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  • A young college woman holding her arms up standing in front of her bed and desk in her off-campus apartment room.

    Making the Move to Off-Campus Living

    Melody Kong

    You’re in the second semester of your first year of college and it’s been a blast. You’ve made friends, lived on campus, enjoyed the food, did well in classes, and joined a bunch of clubs. But like every other college student, you want to save money. You come up with this genius idea to save money by living off campus the next semester, as you’ve heard it’s relatively cheaper. Problem is, you don’t know where to start. This was me in March of my freshman year, I have now moved to housing off campus! Super exciting, I know. But how did I get here? What is the must-dos, must don’ts, tips, and tricks of off campus housing? While only a few months have passed since then, I believe I have some insight as someone who’s been there and done that – as in having lived in the dorms as well as off campus.

    Find Roommates Early

    Look in Facebook groups, ask friends, ask parents to contact friends – just use your resources! There are people always looking for roommates. It’s not only important to find your roommates but also communicate with them your needs and concerns. I didn’t communicate enough with my potential roommates, and by the time summer came, we were all too busy doing our own things to discuss where we wanted to live and other miscellaneous details. This led to one of the roommates not living with us and me not having housing near campus for 2 weeks. I ended up crashing at my friend’s apartment for those weeks, and while not terrible, it’s nice to have your own space.

    Looking For a Place to Live

    I didn’t even start thinking about housing for my 2nd year until March of my freshman year, but I would highly recommend starting to think about this in January. It may seem early, but housing options fill up fast. If you spend most of your time on campus and are just looking for a place to live, explore the possibility of renting out a room in a rental house or finding friends to possibly rent a house or apartment. Think about how close you want or need to be from campus. If you want convenience, student apartment complexes near campus can be a good choice as those are usually closer, have more amenities, and may provide bus transportation to and from campus.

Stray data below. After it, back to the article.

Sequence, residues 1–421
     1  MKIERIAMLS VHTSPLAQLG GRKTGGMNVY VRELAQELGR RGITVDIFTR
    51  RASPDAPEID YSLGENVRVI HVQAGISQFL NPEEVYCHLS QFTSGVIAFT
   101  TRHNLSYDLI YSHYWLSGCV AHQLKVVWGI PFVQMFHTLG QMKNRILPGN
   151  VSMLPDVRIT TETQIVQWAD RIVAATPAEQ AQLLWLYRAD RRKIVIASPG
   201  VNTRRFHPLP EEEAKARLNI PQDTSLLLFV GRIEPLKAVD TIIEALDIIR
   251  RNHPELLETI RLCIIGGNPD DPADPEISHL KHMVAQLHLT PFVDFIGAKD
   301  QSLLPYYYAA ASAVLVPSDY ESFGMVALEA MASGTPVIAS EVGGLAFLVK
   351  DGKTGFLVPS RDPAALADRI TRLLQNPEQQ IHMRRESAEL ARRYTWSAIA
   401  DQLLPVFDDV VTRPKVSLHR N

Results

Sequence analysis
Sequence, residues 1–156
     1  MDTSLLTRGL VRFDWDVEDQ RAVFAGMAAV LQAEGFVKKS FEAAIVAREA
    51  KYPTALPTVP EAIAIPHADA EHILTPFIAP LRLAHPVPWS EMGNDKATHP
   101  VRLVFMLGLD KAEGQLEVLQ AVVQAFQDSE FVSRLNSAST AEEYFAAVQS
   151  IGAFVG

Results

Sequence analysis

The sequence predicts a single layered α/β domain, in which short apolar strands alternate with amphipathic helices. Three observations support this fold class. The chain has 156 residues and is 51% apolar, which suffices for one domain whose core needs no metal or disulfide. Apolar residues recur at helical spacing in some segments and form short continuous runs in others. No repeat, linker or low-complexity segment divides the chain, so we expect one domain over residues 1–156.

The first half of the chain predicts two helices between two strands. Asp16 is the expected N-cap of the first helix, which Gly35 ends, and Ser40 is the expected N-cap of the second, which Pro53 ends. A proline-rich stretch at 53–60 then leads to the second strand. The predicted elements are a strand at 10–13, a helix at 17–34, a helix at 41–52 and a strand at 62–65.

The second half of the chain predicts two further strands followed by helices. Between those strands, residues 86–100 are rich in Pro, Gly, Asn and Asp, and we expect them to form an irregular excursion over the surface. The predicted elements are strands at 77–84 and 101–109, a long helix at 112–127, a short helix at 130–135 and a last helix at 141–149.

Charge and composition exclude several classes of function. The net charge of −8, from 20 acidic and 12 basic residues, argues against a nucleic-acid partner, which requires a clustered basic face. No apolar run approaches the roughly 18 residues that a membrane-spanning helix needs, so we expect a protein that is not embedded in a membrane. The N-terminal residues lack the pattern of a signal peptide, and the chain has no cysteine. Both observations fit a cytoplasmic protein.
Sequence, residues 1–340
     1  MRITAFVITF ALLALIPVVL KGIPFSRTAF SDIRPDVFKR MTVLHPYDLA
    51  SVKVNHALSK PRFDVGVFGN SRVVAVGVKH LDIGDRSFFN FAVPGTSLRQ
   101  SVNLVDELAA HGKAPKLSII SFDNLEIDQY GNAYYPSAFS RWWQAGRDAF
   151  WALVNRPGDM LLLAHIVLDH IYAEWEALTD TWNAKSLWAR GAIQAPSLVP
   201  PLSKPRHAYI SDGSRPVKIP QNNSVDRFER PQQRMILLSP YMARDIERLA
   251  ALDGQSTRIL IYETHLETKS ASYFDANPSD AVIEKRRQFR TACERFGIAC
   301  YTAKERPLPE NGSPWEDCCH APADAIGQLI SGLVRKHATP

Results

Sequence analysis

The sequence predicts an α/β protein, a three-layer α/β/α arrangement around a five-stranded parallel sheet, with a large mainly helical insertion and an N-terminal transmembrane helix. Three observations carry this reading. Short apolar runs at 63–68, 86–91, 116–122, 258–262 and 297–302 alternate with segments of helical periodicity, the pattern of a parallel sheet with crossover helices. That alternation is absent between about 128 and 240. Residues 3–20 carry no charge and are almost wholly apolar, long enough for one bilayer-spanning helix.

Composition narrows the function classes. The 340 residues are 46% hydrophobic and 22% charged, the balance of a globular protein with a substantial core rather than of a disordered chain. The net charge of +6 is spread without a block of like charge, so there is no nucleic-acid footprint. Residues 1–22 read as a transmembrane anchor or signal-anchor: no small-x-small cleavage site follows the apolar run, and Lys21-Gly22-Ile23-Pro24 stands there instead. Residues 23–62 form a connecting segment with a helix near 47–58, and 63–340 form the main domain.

Be Picky

    Since you’re moving into a new place, you get to decide what you want or don’t want. If you’re a more outgoing person, you may want another extravert to talk to, or if you’re an introvert, you may rather keep your own space and have time to yourself. Know what you value when it comes to money, other people, cleanliness, food, the list goes on, and be decisive!

    These are just a few things I have learned through my first month living off campus. While it can seem daunting to even start the process, I think it is definitely worth it! Although my commute is about 20 minutes, I love having my own room at the fraction of the cost. Through this whole process, I have learned skills that will be useful if I decide to have a house of my own in the future. I had to navigate the application process, communicate with roommates, and manage utilities. I had to learn (and am still learning) time management in commuting to and from school. These skills are applicable to the real world as well and open your eyes to the different needs and wants of others. Off-campus housing has its irks, but the end results are worth the hassle.

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